Booby Traps Series: How to beat the Booby Traps in the NICU. An interview with Diane Spatz.

This post is the 43rd in a series on the Booby Traps, made possible by the generous support of Motherlove Herbal Company.

In a prior post I discussed a number of barriers to breastfeeding many moms encounter in the NICU.  While many NICUs have a long way to go in supporting breastfeeding, there are some which have made great strides in implementing policies and supports which make breastfeeding and breastmilk feeding a reality for moms and babies.

I’m thrilled to be able to share an interview with Dr. Diane Spatz of the Children’s Hospital of Philadelphia about how she changed her own NICU, her “Ten Steps for Promoting and Protecting Breastfeeding for Vulnerable Infant,” and her own advice for beating the Booby Traps in the NICU.

Dr. Spatz is Associate Professor of Health Care of Women and Childbearing Nursing and Helen M. Shearer Term Associate Professor of Nutrition at the University of Pennsylvania.  She holds a joint appointment at The Children’s Hospital of Philadelphia (CHOP) as a nurse researcher in lactation.  Her expertise is the provision of human milk/breastfeeding in mothers who have infants with complex surgical anomalies. Dr. Spatz is a Fellow in the American Academy of Nursing (AAN) and is Chair of the Expert Panel on Breastfeeding for the AAN.

What are some of the reasons why moms experience the NICU Booby Traps I described in a prior post?  Which of these issues do you see changing for the better in NICUs these days?

One of the primary barriers to the use of human milk and breastfeeding in the U.S. is not viewing human milk as an intervention that changes health outcomes.  Far too many health professionals assume that mothers have the necessary information needed to make an informed decision.  This is not true!  For mothers expecting an infant in the NICU or other critical care unit, mothers must be presented with the science of human milk.  Human milk must be viewed as a medical intervention that is just as important as IV nutrition or a ventilator.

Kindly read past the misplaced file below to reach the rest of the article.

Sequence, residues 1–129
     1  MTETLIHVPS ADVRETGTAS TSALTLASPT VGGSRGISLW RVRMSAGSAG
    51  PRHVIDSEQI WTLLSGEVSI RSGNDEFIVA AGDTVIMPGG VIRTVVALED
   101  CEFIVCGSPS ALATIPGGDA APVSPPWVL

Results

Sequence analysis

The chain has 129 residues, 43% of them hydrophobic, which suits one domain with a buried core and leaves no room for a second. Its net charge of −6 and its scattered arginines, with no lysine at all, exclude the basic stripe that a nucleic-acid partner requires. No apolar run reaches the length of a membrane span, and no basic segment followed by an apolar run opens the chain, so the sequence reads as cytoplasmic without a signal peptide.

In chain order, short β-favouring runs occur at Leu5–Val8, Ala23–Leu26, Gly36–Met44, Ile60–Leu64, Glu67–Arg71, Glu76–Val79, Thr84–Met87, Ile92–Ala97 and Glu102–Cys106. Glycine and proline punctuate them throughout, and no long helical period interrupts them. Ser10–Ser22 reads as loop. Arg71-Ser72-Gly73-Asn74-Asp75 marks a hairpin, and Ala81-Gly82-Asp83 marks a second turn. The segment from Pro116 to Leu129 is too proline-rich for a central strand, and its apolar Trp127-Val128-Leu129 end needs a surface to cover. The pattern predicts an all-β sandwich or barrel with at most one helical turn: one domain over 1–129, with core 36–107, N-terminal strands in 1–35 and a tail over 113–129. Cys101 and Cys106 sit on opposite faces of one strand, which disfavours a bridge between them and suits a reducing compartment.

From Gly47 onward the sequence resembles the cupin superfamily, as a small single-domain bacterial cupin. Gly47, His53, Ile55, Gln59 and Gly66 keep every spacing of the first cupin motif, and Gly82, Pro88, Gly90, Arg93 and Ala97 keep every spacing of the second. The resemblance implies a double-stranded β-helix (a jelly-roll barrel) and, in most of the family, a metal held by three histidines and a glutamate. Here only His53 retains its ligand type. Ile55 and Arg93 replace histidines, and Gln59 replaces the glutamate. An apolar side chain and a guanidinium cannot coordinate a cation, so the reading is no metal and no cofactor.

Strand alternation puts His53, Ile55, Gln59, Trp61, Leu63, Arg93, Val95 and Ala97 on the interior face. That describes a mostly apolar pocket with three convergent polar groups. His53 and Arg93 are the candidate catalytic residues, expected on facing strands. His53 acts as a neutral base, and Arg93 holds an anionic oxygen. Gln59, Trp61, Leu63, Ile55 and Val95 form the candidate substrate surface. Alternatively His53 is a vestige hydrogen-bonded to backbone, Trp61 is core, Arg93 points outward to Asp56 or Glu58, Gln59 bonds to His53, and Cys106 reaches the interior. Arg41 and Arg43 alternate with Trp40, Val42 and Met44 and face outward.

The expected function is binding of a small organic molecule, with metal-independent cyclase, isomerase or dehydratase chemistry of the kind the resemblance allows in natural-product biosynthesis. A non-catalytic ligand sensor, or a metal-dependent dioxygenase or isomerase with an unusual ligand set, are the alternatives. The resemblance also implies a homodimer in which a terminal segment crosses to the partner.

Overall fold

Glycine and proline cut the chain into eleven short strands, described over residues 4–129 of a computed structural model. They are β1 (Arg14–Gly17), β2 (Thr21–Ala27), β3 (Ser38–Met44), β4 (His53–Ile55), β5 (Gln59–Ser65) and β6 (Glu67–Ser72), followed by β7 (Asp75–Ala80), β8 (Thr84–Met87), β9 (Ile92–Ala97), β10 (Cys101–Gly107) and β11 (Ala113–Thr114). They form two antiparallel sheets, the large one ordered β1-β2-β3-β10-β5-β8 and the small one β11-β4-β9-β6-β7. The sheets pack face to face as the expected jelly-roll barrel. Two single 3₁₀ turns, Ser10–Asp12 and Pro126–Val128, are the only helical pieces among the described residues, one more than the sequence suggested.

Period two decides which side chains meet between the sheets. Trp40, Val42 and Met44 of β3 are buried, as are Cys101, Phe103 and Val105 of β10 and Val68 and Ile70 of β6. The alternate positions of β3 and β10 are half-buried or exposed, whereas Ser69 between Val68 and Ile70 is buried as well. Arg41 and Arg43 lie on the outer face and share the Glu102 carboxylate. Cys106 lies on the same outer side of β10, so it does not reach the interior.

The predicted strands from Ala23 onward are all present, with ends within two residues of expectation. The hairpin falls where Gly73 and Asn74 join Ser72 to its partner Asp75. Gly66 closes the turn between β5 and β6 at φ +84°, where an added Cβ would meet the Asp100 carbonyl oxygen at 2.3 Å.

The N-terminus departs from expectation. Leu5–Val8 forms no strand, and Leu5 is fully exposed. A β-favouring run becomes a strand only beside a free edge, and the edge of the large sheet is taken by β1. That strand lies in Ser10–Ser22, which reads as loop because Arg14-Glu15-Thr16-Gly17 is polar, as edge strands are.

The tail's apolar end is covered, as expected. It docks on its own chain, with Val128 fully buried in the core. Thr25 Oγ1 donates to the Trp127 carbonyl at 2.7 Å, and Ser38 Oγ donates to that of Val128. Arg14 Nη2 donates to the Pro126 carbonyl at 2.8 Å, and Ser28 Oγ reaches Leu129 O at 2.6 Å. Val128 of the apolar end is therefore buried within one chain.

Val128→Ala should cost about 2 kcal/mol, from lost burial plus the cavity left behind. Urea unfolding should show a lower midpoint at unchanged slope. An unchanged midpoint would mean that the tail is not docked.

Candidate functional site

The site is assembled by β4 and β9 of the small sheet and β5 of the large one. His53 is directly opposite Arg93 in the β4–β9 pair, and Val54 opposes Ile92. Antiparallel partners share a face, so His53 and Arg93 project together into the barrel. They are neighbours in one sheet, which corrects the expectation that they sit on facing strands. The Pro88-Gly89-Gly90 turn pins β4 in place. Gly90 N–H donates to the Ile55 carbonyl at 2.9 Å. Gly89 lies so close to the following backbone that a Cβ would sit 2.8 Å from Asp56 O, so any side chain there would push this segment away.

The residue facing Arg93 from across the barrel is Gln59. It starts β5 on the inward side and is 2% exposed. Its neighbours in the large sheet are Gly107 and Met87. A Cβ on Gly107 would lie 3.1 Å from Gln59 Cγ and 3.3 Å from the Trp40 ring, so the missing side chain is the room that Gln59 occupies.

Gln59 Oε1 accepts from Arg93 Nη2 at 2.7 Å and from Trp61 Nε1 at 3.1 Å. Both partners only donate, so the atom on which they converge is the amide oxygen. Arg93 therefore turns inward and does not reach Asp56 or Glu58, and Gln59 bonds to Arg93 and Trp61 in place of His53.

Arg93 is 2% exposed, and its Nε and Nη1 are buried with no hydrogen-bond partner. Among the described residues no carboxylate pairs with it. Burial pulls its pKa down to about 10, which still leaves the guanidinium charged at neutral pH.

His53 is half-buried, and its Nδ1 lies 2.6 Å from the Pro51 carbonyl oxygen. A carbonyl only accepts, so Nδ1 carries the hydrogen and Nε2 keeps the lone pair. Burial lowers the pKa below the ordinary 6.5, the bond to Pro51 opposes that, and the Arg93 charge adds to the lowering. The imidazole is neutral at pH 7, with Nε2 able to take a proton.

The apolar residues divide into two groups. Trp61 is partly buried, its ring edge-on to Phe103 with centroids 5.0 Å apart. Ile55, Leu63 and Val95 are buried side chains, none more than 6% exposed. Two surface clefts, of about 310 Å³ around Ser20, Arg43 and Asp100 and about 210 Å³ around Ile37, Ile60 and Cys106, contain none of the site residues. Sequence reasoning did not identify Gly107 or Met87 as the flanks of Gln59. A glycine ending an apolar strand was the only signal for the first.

At the Children’s Hospital of Philadelphia (CHOP), we have a prenatal lactation consultation that occurs as a standard part of prenatal care.  All mothers are informed with tailored information as to why their milk is essential for their infant.  This has resulted in a 99% pumping initiation rate in our Special Delivery Unit (SDU).  If you present moms with the research about why their milk matters and how human milk works to protect their infant from disease and illness, all moms want to pump!  Moms want to do what is best for their infants.

The second barrier to breastfeeding and human milk in the NICU is a lack of evidence-based lactation support.  Every single barrier you mention could be solved if the administration and all health care providers read and understand the evidence.  I will argue that nurses are the KEY to success, yet nurses routinely are NOT educated about breastfeeding and human milk in their programs of study, or if they are the information is minimal.  At the University of Pennsylvania, I teach an entire semester undergraduate course to nursing students.  This course provides future nurses with 28 hours of lecture and 14 hours of clinical exposure!

Can you describe the process of change to more breastfeeding-friendly practices in your NICU at The Children’s Hospital of Philadelphia? 

Prior to being recruited to CHOP, I had always worked at birth hospitals.  In that setting there is a lot of access to mothers and opportunities for education, even though they stay for a short time.  I was also shocked when I saw the lack of knowledge about breastfeeding (even though this exists in ALL hospitals), and that the mindset was about taking care of the infants, forgetting that moms = the food supply for the babies!   So I knew I had some big issues to address.  I needed to create a culture in which human milk was valued as a critical intervention for NICU infants.